Public Access

Strong advocacy for our clients

Fourteen -Public Access

FOURTEEN has a team of Public Access barristers who are qualified to accept instructions directly from members of the public. We also offer an additional e-bundling service to clients to assist with preparation for hearings.

Why instruct a barrister rather than a solicitor?

In the past, you had to instruct a solicitor first and then they could instruct a barrister on your behalf for specialist advice or skills. It’s now possible for members of the public to contact barristers directly, without going to a solicitor first. This is known as the public/direct access scheme.

A barrister’s training means that they are best placed to advise you on the strength of your case; are experienced at how to present and argue your case in court; and have a depth of knowledge on running alternative ways to resolving disputes and coming to an agreement.

As such, if you do not need the traditional tasks that a solicitor would undertake (writing letters, filing documents and managing the litigation process) or you feel comfortable undertaking these yourself, with help and guidance, then taking a direct route to a barrister may be suitable for you. If our public access barristers think you would be better served by dealing with a solicitor first, we will let you know.

What can a barrister do for me?

Our barristers will provide you with legal advice and legal representation in court and can draft legal documents for you in any aspect of family law.

If you become involved in a court case, our public access barristers can represent you in hearings at every stage of the process and in any court in the country.  This includes drafting relevant documents for the court on your behalf.

You may not yet be involved in a court case but would like to get some advice on how things might work or what your rights are – we’re here to help you with this. Our public access barristers are also often instructed just to give a ‘second opinion’ and can advise you in writing, over the telephone, at a face-to-face meeting or by video conference. They can also help you with non-court-based dispute resolution, such as mediation, arbitration, private FDRs or Early Neutral Evaluations.

Our public access barristers are also experts in drafting other legal documents for clients such as prenuptial and separation agreements.

What type of help can FOURTEEN provide?

FOURTEEN is a specialist family law chambers and our barristers have excellent in-depth knowledge of all areas of family law. This includes but is not limited to:

Children matters – including grandparents rights, child arrangements and contact, child abduction, care proceedings and fact finding hearings.

Adoption – rights, contact and financial arrangements.

Financial matters – including relating to children (under Schedule 1 Children Act 1989 and the MCA 1973) and child maintenance, separation and divorce, international finances and offshore assets.

International – child abduction, international child arrangements, international financial arrangements, international enforcement of orders.

Domestic abuse – including physical, emotional, controlling or financial/ PD12J/ Domestic Abuse Act 2021.

Vulnerable clients – including stranded spouses and financial abuse and participation directions.

What can’t a barrister do for me?

Barristers cannot (without the correct qualifications and training) issue proceedings at court, serve documents on the other parties or manage some of the other litigation processes and procedures.  You will, however, be able to carry out these tasks yourself; your barrister will be able discuss this further with you.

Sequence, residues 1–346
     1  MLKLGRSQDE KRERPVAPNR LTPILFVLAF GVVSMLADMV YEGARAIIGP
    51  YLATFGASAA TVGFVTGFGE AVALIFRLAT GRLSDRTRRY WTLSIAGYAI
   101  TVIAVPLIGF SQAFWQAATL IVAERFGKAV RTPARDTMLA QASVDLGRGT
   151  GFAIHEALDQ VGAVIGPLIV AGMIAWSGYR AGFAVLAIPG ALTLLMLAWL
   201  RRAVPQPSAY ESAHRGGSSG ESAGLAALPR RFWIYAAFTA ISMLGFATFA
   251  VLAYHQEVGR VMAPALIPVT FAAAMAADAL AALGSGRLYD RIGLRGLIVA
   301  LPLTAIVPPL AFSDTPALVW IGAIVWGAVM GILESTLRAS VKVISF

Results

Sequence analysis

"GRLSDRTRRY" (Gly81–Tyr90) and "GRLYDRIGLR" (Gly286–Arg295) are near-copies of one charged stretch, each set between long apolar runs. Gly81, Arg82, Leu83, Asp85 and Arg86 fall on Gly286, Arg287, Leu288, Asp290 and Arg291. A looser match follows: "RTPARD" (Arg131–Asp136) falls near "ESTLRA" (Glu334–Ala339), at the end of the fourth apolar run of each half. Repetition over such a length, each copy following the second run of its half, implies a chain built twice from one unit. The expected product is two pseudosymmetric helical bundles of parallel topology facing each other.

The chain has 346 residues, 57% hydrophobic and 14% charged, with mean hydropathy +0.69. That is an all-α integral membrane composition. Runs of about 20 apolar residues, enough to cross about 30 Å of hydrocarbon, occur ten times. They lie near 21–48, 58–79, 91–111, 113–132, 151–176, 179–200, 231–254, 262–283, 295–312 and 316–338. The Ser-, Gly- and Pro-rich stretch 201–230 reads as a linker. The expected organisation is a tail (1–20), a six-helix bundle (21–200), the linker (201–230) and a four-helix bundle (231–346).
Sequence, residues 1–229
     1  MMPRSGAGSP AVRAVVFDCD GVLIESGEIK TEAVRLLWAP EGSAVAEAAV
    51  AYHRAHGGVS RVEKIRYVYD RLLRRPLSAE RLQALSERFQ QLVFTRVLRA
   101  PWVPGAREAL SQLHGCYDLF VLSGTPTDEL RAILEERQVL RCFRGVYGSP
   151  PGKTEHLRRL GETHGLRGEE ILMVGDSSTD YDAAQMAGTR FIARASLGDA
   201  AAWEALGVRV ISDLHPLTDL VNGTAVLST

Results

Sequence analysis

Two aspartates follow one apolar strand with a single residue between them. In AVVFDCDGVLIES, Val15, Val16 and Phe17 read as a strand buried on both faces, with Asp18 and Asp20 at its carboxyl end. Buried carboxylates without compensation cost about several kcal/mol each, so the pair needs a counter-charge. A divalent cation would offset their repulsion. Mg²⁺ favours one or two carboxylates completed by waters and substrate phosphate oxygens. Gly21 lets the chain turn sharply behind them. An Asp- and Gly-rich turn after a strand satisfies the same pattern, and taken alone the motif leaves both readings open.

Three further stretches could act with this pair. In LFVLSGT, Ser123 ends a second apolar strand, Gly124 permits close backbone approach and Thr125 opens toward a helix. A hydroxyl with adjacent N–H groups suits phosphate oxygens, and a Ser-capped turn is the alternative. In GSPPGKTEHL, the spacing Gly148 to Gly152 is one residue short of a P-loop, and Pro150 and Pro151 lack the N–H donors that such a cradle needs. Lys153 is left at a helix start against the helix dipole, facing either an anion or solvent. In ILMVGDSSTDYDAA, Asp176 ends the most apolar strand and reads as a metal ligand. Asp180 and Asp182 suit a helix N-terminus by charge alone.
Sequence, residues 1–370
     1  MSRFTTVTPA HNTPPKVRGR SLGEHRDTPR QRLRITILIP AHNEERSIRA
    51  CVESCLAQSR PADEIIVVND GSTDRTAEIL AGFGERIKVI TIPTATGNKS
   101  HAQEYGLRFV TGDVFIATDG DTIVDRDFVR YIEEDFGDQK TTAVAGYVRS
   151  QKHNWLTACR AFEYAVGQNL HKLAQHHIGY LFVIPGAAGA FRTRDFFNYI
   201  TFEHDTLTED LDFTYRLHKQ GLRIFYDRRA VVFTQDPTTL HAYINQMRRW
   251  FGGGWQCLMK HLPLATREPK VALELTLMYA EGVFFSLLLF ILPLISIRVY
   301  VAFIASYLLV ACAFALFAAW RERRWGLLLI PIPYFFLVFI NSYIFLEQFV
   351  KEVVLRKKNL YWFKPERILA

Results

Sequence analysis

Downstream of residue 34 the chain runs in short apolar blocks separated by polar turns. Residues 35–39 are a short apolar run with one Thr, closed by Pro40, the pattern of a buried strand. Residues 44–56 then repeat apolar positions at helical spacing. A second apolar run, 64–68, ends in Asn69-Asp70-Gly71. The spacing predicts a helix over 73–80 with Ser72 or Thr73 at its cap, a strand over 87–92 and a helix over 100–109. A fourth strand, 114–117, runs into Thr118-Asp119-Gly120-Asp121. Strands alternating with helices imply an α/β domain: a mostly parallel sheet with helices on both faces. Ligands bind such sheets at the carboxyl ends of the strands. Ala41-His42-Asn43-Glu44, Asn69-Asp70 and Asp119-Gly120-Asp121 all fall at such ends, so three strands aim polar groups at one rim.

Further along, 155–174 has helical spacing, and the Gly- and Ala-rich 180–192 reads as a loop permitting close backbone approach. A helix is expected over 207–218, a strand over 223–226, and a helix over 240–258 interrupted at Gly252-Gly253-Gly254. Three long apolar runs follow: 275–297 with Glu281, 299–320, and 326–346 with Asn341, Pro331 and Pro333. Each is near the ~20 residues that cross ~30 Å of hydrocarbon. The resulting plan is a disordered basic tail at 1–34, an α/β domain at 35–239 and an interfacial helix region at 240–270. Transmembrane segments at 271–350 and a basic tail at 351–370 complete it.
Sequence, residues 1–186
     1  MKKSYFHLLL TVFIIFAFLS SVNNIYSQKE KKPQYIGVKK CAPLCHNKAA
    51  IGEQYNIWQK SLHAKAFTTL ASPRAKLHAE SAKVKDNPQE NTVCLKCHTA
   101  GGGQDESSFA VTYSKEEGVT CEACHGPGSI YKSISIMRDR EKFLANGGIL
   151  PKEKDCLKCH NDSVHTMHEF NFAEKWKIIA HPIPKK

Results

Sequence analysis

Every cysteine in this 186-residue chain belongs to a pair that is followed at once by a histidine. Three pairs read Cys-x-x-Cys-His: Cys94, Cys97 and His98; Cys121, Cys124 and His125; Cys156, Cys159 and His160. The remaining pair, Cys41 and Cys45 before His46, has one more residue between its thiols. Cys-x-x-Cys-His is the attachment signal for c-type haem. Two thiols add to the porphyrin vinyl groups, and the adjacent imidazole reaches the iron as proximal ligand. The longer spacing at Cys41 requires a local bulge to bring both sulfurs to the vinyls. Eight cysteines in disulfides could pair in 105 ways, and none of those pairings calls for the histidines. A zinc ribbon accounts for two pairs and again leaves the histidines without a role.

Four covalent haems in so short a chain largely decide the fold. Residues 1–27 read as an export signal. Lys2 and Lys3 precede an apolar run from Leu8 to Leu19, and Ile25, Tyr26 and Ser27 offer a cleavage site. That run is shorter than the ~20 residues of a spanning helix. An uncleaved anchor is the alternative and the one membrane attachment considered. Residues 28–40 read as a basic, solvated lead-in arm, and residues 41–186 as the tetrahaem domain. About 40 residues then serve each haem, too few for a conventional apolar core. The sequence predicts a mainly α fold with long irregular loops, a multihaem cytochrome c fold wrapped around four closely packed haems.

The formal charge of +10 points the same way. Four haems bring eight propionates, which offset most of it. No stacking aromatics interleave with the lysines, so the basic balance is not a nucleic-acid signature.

How much will it cost me to instruct a barrister?

Our Practice Managers/Clerks take an open and transparent approach to negotiating our barristers’ fees with our clients and welcome discussion about the terms on a case-by-case basis in advance of any work being undertaken.  In any fee estimate, we will always give you the most accurate figures possible and clear information on the total amount of fees you should expect to be charged. The most commonly used pricing models for privately funded legal services, including Public/Direct Access cases, are:

  • An hourly rate.
  • A fixed fee.
  • An agreed brief fee and refreshers.

The model that is used and the rates set will depend upon a number of factors including the type of service provided, the nature, complexity and financial value of the matter and the preparation time required as well as the experience of the barrister needed for the case.

Fees for drafting paperwork and advice and for conferences will usually be charged at an hourly rate determined by the factors mentioned.  Our typical fees can range from £100 per hour for a more junior barrister up to £650 per hour for a more senior barrister in a complex matter.  If an hourly rate is quoted then we will give you an estimate of the expected number of hours that will be required, having first reviewed any available papers.  If at any stage it looks like this estimate may be exceeded, we will contact you as soon as possible and before carrying out the further work, explaining why the estimate has changed.

If a fixed fee for the barrister’s services is agreed rather than an hourly rate, the fee will again depend on the factors mentioned above.  When a fixed fee is estimated, we would not exceed that amount unless the circumstances had changed. This could be, for example, because more documents been provided for the barrister to review, your instructions have changed in some way or it has been identified that other legal assistance is required.  In any event, we would contact you to explain the circumstances and any likely additional fees before any further work is undertaken and costs incurred.

Hearing fees are usually based on a brief fee and refreshers. The brief fee is a fixed fee which usually covers the preparatory work for the hearing together with the first day of the hearing.  A refresher is a fixed daily fee charged for any subsequent day of the hearing.  Both the brief fee and the rate for refreshers will be agreed in advance of the hearing.  As the nature and complexity of legal cases can vary very substantially, the amount of the brief fee will vary from case to case.  Our practice managers will discuss this with you from the outset when providing you with the fee quotation.

Chambers’ routine administrative, stationery and travel costs involved in your case are typically subsumed into the barrister’s fees.  Should exceptional services be required, such as couriers, then the charge, at cost, may be passed to the client.  Clients may also be charged for their barrister’s exceptional travel and accommodation costs.  In all such circumstances, clients will be informed in advance of the likely cost.

Public Access clients should be aware that they may also have to pay an additional fee if their case goes to a court or tribunal. This is separate from the legal fees charged by the barrister and is paid to HM Courts and Tribunals Service.  Further information can be found on the Government website here.